In his inaugural address earlier this year -- yes, it's been a long year -- Donald Trump articulated a vision for taking political power and "giving it back to you, the American people." The new Republican president added, "The forgotten men and women of our country will be forgotten no longer."
In practice, of course, Trump's promises were as false as they were cruel. The White House's budget plan seemed to go out of its way to punish the working families the president vowed to protect. Trump's health care measures, by his own admission, ended up hurting many of the struggling people who helped elect him.
And as NBC News's First Read team noted this morning, Trump's tax plans are part of the same regressive governing vision.
When President Trump speaks on his tax plan at 3:30 pm ET today in St. Charles, Mo., it will no longer be accurate to describe him as an economic populist who pursues policies to benefit the poor and the middle class at the expense of the wealthiest Americans. The reason: The Senate tax plan he's selling is the exact opposite of economic populism.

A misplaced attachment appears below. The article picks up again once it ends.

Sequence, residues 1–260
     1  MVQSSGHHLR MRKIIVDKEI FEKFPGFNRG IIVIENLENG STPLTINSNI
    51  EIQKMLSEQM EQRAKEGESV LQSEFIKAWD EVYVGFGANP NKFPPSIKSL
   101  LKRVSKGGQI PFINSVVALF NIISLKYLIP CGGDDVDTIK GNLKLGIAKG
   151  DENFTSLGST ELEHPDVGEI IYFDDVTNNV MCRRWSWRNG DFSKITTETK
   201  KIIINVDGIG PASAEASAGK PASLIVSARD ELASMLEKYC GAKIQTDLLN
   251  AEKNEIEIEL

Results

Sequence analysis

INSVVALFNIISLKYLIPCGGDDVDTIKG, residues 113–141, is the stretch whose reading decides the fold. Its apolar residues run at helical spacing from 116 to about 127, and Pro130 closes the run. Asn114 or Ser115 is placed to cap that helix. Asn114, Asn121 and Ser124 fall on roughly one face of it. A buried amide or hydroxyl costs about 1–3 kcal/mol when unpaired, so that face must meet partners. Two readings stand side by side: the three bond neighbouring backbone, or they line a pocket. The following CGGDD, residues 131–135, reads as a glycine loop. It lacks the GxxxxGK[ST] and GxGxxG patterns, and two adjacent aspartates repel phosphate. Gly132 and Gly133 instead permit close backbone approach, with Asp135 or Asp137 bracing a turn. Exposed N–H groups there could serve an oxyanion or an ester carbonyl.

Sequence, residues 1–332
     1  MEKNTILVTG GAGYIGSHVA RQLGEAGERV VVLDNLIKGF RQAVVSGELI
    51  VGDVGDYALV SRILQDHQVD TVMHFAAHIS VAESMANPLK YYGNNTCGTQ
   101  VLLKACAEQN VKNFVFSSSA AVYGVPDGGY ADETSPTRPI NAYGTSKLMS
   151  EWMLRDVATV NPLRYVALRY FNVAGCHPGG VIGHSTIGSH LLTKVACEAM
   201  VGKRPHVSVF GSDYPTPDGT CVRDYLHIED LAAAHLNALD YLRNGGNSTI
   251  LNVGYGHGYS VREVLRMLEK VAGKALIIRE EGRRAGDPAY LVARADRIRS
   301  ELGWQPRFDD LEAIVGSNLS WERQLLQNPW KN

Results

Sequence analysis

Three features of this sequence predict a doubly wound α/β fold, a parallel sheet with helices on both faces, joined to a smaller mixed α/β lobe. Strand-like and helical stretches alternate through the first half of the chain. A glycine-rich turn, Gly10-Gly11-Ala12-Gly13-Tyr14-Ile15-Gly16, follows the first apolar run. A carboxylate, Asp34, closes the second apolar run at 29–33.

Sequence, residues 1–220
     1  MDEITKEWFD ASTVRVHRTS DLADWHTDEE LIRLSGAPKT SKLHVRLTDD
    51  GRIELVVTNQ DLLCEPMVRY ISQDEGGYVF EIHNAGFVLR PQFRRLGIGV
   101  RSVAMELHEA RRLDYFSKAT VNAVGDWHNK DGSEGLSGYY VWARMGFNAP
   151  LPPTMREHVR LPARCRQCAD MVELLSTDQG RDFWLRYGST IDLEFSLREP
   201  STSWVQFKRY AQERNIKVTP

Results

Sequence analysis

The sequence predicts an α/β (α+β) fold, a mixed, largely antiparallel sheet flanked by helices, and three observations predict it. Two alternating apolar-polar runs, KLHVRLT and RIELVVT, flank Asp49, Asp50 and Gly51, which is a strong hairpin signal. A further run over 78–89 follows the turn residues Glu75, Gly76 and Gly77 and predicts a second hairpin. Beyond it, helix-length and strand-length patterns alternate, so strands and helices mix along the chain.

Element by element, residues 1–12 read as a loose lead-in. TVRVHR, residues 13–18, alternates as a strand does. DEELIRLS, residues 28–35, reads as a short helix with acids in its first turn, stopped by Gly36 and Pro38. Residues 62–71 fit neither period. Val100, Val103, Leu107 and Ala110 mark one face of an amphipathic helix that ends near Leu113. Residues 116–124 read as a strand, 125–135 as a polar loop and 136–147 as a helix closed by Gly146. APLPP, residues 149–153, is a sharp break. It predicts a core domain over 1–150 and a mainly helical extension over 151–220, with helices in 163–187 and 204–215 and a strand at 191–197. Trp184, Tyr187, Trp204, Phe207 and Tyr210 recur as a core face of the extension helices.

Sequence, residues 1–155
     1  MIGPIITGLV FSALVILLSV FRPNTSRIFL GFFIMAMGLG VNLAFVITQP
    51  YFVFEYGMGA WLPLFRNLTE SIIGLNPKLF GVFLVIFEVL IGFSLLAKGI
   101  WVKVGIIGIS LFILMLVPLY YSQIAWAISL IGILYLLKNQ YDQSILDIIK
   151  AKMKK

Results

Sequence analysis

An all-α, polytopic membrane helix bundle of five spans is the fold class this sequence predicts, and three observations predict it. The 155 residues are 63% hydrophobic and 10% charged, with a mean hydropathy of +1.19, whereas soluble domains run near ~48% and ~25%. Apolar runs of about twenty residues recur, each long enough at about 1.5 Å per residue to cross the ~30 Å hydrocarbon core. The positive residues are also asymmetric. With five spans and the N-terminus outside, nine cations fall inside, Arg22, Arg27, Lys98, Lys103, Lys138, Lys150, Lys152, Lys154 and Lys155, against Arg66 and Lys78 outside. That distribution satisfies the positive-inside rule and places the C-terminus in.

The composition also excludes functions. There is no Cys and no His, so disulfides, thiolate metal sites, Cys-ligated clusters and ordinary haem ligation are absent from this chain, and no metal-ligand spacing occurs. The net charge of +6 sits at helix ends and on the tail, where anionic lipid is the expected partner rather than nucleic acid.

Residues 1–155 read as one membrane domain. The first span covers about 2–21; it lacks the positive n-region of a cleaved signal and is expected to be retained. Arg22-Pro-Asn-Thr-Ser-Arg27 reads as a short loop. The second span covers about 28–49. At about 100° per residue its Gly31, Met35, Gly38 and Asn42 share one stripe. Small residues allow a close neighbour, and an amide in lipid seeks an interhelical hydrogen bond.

Trump the candidate did his best to cater his sales pitch to a specific set of marks, I mean, voters. He talked about raising taxes on the wealthy, for example, and said in his convention speech, "I have joined the political arena so that the powerful can no longer beat up on people who cannot defend themselves."
It was then time for the bait and switch: Trump the president endorsed, among other things, a tax plan that rewards the wealthy and raises taxes on the middle class.
"The forgotten men and women of our country" have evidently been forgotten.
The next line in the president's inaugural was, "Everyone is listening to you now." Ten months later, these same Americans are saying they don't want to pay more in taxes in order to finance breaks for the wealthy -- and Trump and his Republican brethren are choosing not to listen at all.